TWO WORLDS, ONE GOAL: PERFECTION
Kärcher at home on the patio. Kärcher in building cleaning. People most often think of these two areas of application when it comes to vacuum cleaners, pressure washers, etc. But it is hard to imagine everyday life without many Kärcher products, especially for workshops. Using the example of a construction site, we show where reliable cleaning technology matters and why, at the same time, the focus is on occupational safety and the protection of health. Also in the spotlight: how, over the last few decades, the model builder at Kärcher became the prototype engineer, and what traditional and modern craftsmanships there are all around the world.
Clean construction trade: From structural work to dream house
Excavation for the floor slabs, pouring the foundation, building walls, covering the roof, completing all aspects of the interior fittings: When a building is constructed, various trades have to work alongside one another, sometimes under tremendous time pressure. So it is all the more important that the cleaning technology used does what is needed – at all times, reliably and even in the toughest of environments.
Important for health and quality: Wet dry vacuums for picking up dust particles
One of the greatest enemies on every construction site is extremely small: dust. And it is everywhere. When joiners and carpenters are working on the roof or busy working on the interior construction, wood is sawn and cut. Holes are drilled, and the circular saw is only seldom not in use. Dust and chippings fall to the ground and are distributed in the air. As soon as the roof is ready, the electrician can get to work. In order to lay cables and lines, he must make slots in walls and floors using a cutter. Fine concrete dust falls from the crevices at every stage of the process. It’s a similar story when the plumber starts the sanitary installations. Drilling and chiseling work takes place when pipes and lines are installed through floors and out into the open. Many kinds of dust are created at this stage, too – such as concrete, brick or plaster dust – before the bathrooms etc. are ready for use.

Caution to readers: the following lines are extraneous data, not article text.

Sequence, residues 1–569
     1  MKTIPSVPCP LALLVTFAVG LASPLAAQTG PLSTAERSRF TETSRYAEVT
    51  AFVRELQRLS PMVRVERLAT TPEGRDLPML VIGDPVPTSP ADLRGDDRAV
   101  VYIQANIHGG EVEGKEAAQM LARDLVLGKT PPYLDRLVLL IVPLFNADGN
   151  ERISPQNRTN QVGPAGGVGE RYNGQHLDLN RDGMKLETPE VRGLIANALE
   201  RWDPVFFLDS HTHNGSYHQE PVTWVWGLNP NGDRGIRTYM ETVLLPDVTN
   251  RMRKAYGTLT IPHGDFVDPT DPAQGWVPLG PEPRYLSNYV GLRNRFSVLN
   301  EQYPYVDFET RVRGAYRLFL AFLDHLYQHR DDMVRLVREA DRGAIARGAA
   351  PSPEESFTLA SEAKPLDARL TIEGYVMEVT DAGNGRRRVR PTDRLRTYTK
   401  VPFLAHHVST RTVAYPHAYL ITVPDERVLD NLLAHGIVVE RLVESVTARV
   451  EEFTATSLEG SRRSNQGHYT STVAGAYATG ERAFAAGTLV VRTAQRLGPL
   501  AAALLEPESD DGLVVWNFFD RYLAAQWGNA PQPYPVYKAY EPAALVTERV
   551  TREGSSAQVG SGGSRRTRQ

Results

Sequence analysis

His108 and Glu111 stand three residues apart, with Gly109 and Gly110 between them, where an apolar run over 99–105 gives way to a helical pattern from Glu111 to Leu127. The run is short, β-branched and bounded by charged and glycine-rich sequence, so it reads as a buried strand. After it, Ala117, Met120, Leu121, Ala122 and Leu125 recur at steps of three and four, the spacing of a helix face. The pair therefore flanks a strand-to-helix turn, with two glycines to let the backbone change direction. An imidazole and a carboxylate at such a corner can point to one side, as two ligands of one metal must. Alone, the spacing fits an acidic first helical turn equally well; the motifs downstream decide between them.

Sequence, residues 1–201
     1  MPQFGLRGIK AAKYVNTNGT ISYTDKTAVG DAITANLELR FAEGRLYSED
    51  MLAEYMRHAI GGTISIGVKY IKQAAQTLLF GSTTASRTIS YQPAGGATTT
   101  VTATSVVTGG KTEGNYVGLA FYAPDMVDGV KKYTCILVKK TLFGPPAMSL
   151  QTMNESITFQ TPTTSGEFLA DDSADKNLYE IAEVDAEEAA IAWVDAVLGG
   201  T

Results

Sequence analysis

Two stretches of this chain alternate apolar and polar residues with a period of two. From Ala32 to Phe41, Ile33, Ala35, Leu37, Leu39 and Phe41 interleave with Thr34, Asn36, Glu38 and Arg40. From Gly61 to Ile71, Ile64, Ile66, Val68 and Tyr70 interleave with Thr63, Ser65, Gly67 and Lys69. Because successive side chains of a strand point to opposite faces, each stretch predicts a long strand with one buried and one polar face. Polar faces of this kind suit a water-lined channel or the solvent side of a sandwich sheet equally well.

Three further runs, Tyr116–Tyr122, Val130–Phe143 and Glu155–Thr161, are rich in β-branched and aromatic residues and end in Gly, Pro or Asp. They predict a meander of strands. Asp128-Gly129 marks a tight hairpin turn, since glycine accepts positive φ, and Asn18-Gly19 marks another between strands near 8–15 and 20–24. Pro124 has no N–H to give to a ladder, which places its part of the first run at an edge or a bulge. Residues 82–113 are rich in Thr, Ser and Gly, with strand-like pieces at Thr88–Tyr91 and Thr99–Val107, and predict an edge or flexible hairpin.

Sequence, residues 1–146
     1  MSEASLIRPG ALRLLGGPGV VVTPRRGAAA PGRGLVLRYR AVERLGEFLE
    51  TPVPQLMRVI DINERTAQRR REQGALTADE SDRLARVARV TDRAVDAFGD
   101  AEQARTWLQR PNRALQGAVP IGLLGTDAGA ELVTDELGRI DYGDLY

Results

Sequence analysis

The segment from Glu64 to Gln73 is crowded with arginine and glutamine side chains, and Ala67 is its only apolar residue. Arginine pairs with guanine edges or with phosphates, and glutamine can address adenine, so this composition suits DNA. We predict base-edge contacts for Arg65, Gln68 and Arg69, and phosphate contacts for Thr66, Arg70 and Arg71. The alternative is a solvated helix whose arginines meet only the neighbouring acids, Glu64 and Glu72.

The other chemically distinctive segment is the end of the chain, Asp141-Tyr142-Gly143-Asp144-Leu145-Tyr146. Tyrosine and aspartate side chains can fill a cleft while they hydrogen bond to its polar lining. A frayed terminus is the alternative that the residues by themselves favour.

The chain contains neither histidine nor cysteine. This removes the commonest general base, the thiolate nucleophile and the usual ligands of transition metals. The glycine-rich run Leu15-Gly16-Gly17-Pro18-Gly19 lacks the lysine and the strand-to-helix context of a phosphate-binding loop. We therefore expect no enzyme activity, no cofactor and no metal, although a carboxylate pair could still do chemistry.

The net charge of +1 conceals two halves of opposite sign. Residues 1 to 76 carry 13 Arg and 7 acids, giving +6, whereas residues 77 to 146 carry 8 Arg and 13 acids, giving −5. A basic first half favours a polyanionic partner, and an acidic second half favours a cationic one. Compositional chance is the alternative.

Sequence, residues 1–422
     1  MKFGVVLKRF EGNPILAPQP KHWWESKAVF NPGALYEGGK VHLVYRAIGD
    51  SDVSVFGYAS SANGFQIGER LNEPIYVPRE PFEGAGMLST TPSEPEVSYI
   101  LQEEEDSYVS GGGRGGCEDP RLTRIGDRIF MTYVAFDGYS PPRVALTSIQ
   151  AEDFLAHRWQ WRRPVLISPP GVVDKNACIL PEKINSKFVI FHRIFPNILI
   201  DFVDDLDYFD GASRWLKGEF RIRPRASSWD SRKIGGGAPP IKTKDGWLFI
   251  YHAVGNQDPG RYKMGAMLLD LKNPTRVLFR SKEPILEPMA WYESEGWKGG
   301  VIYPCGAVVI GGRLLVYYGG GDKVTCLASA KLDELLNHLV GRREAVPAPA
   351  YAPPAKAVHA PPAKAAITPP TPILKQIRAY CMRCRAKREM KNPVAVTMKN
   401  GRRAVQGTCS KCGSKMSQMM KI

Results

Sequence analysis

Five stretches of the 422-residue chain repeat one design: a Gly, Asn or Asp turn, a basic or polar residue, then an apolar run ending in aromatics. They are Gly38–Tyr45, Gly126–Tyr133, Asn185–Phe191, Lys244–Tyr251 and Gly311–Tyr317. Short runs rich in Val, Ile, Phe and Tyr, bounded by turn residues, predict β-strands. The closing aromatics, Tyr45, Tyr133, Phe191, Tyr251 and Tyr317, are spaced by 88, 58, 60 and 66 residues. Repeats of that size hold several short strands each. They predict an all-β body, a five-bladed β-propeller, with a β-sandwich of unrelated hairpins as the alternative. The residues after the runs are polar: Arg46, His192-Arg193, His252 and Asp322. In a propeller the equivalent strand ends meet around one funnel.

On the one hand, the fine dust particles get in the way of the work – if the worker can no longer see his hand in front of his eyes, then good quality can hardly be delivered. On the other hand, the fine dust is harmful to the worker’s health as it sits in the lungs. Depending on the region, there are therefore strict regulations in place in order to guarantee the necessary occupational safety. The technology used should not only effectively combat the dust, but also make tough day-to-day work easier and not be an additional burden.
The cleaning machine of choice should definitely be a wet dry vacuum because only these machines are able to deal with the mixture of dry and wet dirt that workers are faced with on construction sites. Even with these special vacuum cleaners, the filters clog quickly, which is why models with automatic filter cleaning facilitate uninterrupted work. If lightweight, robust and – where appropriate – battery-powered machines are selected, to which any power tool can be directly connected, then dust becomes a thing of the past.
Final construction cleaning before moving in: Floor sweepers and scrubbers for all situations
Despite the tireless efforts of dust control technology, when all the work is completed, there is still always a great deal of coarse dirt around, such as splinters of wood or pieces of plaster. Such loose dirt, in both interior and exterior areas, can be removed using battery-powered push vacuum sweepers. If larger areas have to be cleaned, then ride-on or even industrial sweepers are much faster and more efficient in use. For interior cleaning, floor scrubbers can then be used – depending on the area – in order to wet clean the floors with the advantage that the loosened dirt is picked up straight away, the floors are quickly dry again and are therefore safe to walk on. Now and then parquet layers are needed again at the very end, for example to seal wooden floors. With this final touch, the rooms are then more than well swept and therefore ready for occupancy.
The icing on the cake in green areas: Landscaping and garden maintenance with battery-powered machines.
Depending on the property size, work on the house is accompanied by the creation of a beautiful garden. Landscapers arrange lawns, trees, bushes, etc. often in an artistic manner; flower beds and fountains or ponds are also planned. Strictly speaking, cleaning technology hasn’t lost out on much here, but related machines certainly have. In order to give the surrounding green area the appropriate design, nowadays mostly battery-powered strimmers, chainsaws and hedge trimmers are used. They are much quieter and give off no emissions. Depending on the manufacturer, they also create much less vibration, which is more ergonomic for the operator overall and, in particular, puts less strain on the circulation. As the machines are very compact, even putting precise finishing touches to narrow, tucked-away corners of the garden is not a problem.